On January 20, 2020, the World Health Organization’s situation reportconfirmed the first cases outside China in neighbouring Japan, South Korea and Thailand. Not long after, Iran, the United States and several European countries began reporting new cases of the novel coronavirus. Countries around the world attempted to slow down the disease’s outbreak and flatten the curve to reduce overall infections and keep cases at a number the healthcare system can manage. For example, South Korea took immediate action to slow the spread of the outbreak. The government used a model of open information, public participation and widespread testing to contain the epidemic, which has widely been hailed a success. However, not all countries were as quick to respond. Italy, Spain, Iran and the United States saw a sharp rise in the number of cases with their healthcare system quickly becoming overwhelmed. Early and proactive measures have helped countries like South Korea mitigate the economic downfall as well. The Washington Post reports that South Korea intends to reopen parts of its economy in the coming weeks. However, the situation is vastly different in the United States, which reported its first case on the same day as South Korea. The latest U.S. Labour Department report showed 16.8 million Americans have lost their jobs since the virus outbreak, and with a growing infection trend, the lockdown is likely to remain in place for the moment. By acting early, South Korea, as an example, was able to save lives and mitigate the damage to the economy. The same concept would apply to climate change. A delayed response will cost massive social and economic harm with studies projecting that global incomes will fall 23% by the end of the century. For this reason, governments need to ensure that they are meeting their targets for the Paris Agreement because a delayed response will only make the situation worse and hinder our ability to address the issue in the future.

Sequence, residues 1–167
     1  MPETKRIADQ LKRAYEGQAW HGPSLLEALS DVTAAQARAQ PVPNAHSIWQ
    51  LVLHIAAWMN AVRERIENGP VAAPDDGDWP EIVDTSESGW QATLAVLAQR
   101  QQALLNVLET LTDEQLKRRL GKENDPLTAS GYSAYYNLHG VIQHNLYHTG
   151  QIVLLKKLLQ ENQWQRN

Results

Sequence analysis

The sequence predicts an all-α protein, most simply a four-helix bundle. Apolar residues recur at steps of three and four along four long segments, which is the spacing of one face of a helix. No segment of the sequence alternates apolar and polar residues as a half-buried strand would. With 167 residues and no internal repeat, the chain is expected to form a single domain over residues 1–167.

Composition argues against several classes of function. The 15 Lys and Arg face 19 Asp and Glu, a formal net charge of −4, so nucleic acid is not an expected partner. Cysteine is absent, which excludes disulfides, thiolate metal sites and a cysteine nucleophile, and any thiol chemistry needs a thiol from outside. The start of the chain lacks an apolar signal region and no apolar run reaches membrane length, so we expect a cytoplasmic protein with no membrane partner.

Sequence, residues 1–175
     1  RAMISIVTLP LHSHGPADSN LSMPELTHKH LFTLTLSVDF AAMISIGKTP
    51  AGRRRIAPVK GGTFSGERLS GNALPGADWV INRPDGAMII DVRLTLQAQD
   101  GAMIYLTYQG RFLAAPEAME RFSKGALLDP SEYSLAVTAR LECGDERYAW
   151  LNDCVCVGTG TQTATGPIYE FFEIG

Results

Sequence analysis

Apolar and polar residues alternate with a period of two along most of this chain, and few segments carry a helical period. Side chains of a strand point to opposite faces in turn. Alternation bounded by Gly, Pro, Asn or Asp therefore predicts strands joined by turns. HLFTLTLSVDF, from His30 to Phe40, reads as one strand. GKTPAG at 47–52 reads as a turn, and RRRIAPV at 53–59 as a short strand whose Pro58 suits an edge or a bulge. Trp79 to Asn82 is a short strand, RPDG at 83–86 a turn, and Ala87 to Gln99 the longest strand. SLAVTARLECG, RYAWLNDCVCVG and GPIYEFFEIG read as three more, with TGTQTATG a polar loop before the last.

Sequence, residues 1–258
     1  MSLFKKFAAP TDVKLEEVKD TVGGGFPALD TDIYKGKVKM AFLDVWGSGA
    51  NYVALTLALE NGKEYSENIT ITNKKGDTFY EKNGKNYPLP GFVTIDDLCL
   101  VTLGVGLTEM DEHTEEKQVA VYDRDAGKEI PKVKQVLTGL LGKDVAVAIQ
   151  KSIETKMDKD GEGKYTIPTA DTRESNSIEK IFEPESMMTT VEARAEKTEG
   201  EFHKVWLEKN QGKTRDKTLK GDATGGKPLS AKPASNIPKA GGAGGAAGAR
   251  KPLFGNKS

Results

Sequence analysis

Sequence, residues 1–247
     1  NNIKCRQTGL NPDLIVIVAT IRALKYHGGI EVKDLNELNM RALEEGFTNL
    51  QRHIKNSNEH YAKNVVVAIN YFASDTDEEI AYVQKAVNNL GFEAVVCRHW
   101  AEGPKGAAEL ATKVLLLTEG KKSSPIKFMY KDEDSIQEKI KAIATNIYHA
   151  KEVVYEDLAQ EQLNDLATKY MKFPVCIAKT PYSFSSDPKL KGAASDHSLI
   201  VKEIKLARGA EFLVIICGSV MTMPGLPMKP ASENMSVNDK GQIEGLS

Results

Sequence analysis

3) Globally coordinated policy measures are required

As of April 15, COVID-19  has affected 210 countries and territories around the world. Due to the large scale of the pandemic, the international efforts to prevent, detect and respond to the epidemic have been unprecedented. Over the last few months, major international organisations have been leading initiatives to coordinate the distribution of essential supplies and support the preparedness and response efforts of governments. At the regional level, the European Union has adopted the Coronavirus Response Investment Initiative, which will give member states access to €37 billion. EU members can use the funds to strengthen their healthcare systems, as well as support small and medium-sized enterprises, short-term working schemes, and community-based services.

Meanwhile, in North America, Canada and the United States have undertaken similar measures to support their economies and health care systems. This coordinated approach by various international bodies has helped countries to align on policy, economic stimulus packages, health care recommendations and social distancing. However, on climate change, this level of coordination is often lacking with inaccurate messaging. Given the progress needed to address climate change, further collaboration and dialogue among countries will be required to align on evidence and policies to execute on the Paris Agreement.